Of course it would have been better not to let the player go to WBA on loan – I’d say it is always best never to let a player near WBA and certainly never a good idea to try and do a deal with Tony Pulis.  We now know of course that in November 2016, Pulis was ordered by a high court judge to pay Crystal Palace £3.7 million for fraudulent misrepresentation.  That was not known at the time, and had it been Arsenal might have decided not to work with any club that was employing Pulis.

The next example in Football.London’s list is Emiliano Martinez who should not have been sold they claim.  And yet here again Martinez made it quite clear after his long run in the team he did not want to go back to being the deputy goalkeeper.  So a judgement had to be made between our two keepers and it was decided that Martinez had less experience, so he was sold for £20m.  Again what else should the club have done?

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The transfer of Olivier Giroud was also questioned – we got £18m for him and really was that so bad? Let’s look at what Chelsea got out of him.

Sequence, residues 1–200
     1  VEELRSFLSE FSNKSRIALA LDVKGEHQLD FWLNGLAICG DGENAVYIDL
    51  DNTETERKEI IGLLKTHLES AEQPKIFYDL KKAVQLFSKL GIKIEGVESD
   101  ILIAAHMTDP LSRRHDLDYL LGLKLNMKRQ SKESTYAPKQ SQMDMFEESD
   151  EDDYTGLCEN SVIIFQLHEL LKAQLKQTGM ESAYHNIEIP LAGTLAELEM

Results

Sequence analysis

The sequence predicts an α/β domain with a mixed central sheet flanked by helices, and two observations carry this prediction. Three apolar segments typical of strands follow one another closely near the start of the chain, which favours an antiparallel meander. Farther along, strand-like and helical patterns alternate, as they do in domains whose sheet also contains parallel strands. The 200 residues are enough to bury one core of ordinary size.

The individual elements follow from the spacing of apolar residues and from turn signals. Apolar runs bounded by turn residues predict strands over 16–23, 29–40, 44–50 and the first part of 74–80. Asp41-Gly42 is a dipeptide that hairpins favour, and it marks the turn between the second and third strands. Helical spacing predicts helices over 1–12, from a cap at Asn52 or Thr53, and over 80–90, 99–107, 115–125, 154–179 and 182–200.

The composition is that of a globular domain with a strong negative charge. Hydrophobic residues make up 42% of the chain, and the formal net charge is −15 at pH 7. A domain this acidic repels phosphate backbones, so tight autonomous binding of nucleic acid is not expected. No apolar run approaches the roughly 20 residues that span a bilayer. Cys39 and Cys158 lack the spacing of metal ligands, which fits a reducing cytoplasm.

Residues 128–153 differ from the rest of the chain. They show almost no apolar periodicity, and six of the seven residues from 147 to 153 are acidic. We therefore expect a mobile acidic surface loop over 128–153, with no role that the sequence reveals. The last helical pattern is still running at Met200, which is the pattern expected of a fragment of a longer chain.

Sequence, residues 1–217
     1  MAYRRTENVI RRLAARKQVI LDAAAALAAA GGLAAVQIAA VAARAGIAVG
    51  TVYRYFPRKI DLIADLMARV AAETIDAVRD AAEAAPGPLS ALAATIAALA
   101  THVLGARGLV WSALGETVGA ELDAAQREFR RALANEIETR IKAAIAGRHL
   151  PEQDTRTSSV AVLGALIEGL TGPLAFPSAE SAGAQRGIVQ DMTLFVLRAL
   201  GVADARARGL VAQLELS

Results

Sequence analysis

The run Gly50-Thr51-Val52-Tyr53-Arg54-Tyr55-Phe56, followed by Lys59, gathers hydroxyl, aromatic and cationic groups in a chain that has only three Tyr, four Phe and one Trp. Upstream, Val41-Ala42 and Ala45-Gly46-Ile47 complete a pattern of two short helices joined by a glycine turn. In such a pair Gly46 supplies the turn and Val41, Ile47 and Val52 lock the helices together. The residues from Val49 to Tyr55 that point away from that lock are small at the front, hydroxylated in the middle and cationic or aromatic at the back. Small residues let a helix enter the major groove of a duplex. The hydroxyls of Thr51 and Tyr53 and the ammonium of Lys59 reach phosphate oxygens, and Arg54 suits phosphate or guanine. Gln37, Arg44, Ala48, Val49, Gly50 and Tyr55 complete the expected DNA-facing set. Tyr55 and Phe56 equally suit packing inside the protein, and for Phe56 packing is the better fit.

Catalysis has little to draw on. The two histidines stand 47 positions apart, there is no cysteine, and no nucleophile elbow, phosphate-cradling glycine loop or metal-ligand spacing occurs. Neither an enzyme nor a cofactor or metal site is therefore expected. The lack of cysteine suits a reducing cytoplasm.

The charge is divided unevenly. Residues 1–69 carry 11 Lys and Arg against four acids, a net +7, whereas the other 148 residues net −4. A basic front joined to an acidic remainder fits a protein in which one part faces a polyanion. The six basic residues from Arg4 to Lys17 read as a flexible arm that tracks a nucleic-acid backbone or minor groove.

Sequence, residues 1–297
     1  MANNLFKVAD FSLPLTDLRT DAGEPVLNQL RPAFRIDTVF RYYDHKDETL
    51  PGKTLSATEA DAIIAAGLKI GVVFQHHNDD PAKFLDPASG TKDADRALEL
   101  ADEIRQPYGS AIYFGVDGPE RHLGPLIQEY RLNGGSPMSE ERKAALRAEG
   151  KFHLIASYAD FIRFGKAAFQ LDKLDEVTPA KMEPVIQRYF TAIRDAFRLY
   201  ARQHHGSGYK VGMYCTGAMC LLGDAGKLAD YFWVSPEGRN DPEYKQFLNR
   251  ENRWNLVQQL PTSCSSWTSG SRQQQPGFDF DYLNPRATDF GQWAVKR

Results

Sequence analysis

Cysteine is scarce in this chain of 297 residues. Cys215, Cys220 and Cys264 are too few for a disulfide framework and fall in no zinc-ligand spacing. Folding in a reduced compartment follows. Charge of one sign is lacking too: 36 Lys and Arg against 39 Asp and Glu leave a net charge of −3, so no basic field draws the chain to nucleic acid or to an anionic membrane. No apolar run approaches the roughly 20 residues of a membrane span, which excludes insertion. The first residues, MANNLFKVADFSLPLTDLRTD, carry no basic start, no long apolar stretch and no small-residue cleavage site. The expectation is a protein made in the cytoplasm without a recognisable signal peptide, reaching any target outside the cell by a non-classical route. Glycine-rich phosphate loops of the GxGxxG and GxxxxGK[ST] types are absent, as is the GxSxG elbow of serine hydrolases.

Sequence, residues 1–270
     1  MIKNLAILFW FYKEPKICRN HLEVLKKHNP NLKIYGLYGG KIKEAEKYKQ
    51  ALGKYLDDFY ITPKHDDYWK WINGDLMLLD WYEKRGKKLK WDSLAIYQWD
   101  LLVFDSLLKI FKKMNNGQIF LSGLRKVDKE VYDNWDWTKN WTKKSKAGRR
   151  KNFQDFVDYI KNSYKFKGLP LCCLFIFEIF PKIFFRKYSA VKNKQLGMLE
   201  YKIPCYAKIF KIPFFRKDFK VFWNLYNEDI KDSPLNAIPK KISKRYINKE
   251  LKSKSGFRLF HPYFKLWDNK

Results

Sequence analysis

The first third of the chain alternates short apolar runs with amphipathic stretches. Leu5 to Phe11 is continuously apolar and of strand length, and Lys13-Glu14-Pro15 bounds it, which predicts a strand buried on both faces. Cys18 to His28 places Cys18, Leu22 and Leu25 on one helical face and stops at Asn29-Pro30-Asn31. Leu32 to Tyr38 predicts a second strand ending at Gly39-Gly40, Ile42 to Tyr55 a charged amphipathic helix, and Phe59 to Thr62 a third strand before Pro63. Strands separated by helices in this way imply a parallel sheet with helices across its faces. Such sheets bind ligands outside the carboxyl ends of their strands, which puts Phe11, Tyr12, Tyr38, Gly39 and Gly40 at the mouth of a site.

Season  Chelsea Games Goals
2017–18 Premier League & all cup competitions 18 5
2018–19 Premier League & all cup competitions 45 13
2019–20 Premier League & all cup competitions 25 10
2020–21 Premier League & all cup competitions 23 11

The fact is that Giroud has not been a top scorer for Chelsea, and indeed apart from 2018/19 has not played that many games to warrant his big salary.

There is a broader point – curiously enough Arsenal does not have a crystal ball and cannot see what is going to happen.  Perhaps we could argue that Gnabry to Pulis was a silly move, although I don’t think anyone fully realised just how big Pulis’ deception could be, until it was revealed in the Palace court case.